Iron bacteria - Shoalhaven City Council

Iron bacteria

What is it?

There are several forms of natural bacteria that grow and multiply in water and use dissolved iron as part of their metabolism.

They oxidise iron into its insoluble ferric state (RUST) and deposit it in the slimy gelatinous material that surrounds their cells.

By-products form this process form an oil-like sheen on top of the water.

Have you ever been down to your local creek and seen a reddish-brown or even orange coloured material on the rocks and reeds in the bottom of the creek?

You may also nave noticed something that looks like oil on top of the water in the same location.

Sometimes you may see the same things where water is seeping out of the ground.

Chances are, what you are seeing is NATURAL.

Places where you are most likely to see iron bacteria
  • On rocks near waterfalls
  • Where sandstone has been crushed and used as fill for roads etc.
  • On steep slopes where water seeps out of the ground
  • Creeks that are fed by groundwater (water flowing under the surface) 

  • Why is it happening?

    Surface water and groundwater in the Shoalhaven is naturally high in dissolved iron because of the types of rocks found in some areas in which we live.

    (i.e. Ironstone) Our waters are also generally high in dissolved oxygen - perfect conditions for the iron bacteria to thrive in!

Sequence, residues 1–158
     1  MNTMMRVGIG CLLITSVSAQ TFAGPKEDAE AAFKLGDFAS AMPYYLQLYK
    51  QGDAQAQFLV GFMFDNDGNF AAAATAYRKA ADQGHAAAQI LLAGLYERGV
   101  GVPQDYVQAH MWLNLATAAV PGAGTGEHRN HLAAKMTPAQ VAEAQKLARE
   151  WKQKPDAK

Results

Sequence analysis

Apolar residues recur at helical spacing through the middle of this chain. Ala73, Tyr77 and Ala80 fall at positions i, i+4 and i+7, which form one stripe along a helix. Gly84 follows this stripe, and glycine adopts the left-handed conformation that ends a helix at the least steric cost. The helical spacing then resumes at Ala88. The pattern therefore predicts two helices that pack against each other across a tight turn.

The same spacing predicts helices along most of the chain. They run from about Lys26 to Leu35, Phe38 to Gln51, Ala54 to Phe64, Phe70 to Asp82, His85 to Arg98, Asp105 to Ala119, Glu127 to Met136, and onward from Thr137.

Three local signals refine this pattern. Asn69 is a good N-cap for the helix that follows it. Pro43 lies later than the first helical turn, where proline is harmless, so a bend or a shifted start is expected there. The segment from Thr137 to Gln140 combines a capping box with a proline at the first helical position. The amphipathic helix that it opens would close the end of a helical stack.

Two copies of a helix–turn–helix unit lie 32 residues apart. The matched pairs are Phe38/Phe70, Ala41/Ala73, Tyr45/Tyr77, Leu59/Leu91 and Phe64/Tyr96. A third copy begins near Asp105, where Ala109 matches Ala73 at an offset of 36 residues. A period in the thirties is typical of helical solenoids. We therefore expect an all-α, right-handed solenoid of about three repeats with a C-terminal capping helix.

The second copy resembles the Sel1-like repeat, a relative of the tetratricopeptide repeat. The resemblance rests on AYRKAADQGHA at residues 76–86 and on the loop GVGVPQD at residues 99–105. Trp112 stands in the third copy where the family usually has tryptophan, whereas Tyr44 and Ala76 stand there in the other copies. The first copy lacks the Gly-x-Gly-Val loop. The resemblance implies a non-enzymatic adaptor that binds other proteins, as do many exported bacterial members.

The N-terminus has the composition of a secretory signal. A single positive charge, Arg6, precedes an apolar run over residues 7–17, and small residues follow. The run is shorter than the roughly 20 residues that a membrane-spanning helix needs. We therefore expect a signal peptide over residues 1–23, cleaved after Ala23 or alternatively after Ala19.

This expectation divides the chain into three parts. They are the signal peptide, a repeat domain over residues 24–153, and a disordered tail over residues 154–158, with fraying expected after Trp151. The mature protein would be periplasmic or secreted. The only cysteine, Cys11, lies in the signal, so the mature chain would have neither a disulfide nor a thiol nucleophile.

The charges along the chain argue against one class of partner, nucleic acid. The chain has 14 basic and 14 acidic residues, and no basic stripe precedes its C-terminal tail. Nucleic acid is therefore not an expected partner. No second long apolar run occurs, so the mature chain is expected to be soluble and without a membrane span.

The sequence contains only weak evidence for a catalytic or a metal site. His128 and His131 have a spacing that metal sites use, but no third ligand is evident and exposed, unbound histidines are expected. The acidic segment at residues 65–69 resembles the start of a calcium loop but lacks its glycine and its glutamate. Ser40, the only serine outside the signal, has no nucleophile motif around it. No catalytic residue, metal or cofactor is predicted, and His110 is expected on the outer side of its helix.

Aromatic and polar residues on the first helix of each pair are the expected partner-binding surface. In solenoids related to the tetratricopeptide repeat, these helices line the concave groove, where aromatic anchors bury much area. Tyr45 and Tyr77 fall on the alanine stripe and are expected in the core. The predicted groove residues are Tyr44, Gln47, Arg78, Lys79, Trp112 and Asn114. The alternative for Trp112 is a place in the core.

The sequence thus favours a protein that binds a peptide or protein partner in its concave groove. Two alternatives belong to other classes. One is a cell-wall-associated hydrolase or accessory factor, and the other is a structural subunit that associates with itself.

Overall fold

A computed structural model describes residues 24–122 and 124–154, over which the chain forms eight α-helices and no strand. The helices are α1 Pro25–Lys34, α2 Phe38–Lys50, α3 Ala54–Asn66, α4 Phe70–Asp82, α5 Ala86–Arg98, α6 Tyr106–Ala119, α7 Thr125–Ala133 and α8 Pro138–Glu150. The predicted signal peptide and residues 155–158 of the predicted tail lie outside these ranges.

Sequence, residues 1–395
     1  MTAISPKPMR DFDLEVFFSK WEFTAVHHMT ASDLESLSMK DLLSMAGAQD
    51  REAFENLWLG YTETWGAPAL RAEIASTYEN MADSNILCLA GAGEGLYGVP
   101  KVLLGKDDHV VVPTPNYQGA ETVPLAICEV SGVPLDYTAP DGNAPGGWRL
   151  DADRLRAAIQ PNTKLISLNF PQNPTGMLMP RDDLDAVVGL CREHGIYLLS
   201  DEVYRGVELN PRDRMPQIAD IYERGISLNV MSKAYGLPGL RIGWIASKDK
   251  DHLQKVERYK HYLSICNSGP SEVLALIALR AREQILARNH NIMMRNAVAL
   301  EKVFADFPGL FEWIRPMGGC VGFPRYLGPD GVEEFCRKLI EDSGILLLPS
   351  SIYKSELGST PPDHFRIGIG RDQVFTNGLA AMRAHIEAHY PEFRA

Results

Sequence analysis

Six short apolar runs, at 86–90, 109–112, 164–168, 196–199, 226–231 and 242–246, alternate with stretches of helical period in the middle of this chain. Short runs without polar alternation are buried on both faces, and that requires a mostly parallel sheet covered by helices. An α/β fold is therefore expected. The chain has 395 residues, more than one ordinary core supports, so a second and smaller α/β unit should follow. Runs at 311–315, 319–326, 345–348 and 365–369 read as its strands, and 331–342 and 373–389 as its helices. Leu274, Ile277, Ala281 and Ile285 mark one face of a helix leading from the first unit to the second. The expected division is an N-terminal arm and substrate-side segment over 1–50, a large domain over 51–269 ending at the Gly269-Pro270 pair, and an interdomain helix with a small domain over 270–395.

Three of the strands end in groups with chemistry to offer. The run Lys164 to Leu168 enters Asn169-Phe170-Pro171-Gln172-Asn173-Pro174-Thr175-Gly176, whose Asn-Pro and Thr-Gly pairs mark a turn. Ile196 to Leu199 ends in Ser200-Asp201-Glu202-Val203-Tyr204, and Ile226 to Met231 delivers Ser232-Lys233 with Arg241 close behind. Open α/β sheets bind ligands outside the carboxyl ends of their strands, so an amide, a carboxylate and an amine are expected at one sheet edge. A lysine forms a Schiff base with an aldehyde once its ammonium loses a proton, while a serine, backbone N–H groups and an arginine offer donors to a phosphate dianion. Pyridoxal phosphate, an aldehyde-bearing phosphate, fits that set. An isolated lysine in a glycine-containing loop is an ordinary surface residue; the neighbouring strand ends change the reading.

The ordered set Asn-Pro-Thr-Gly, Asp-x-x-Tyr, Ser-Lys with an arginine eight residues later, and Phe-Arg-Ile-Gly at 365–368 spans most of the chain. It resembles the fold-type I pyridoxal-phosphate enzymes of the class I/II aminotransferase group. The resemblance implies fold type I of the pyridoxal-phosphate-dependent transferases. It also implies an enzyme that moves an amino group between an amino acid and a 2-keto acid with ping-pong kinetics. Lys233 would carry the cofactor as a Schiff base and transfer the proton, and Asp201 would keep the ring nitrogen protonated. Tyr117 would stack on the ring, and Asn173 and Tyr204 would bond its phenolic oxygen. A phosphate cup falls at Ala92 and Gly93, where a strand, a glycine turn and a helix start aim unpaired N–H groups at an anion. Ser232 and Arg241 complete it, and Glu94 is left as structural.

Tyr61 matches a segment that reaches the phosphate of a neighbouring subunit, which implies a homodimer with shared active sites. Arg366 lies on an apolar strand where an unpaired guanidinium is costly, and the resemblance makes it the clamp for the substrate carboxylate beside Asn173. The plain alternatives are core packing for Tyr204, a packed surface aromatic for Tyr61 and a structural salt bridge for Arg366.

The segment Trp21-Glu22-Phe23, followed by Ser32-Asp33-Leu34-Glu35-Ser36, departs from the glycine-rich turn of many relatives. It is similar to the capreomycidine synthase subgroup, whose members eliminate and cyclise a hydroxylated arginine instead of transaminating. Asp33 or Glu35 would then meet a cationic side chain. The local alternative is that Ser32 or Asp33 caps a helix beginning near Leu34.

Checking that it is Iron Bacteria

    There are a couple of things that you can check whether the stuff you are looking at is iron bacteria.

    1. It should not SMELL TOXIC
    It is possible that you might smell something that you might associate with decaying matter in a swamp.  This is OK, as it is likely that the bacteria are dying (especially if they are being dried out in the sun).  You should not be smelling things like petrol, oil, chemicals or sewerage.

    2. The STICK TEST
    Poke a stick into the material that looks like an oily film on top of the water.  If it fractures like ice on a pond and doesn't join back together then it is probably associated with the iron bacteria.  IF IT CLINGS TO YOUR STICK AND JOINS BACK TOGETHER THEN IT COULD BE OIL. (If the situation warrants it, call the EPA Pollution Line 13 15 55 or Council's Environmental Health Section 4429 3453)

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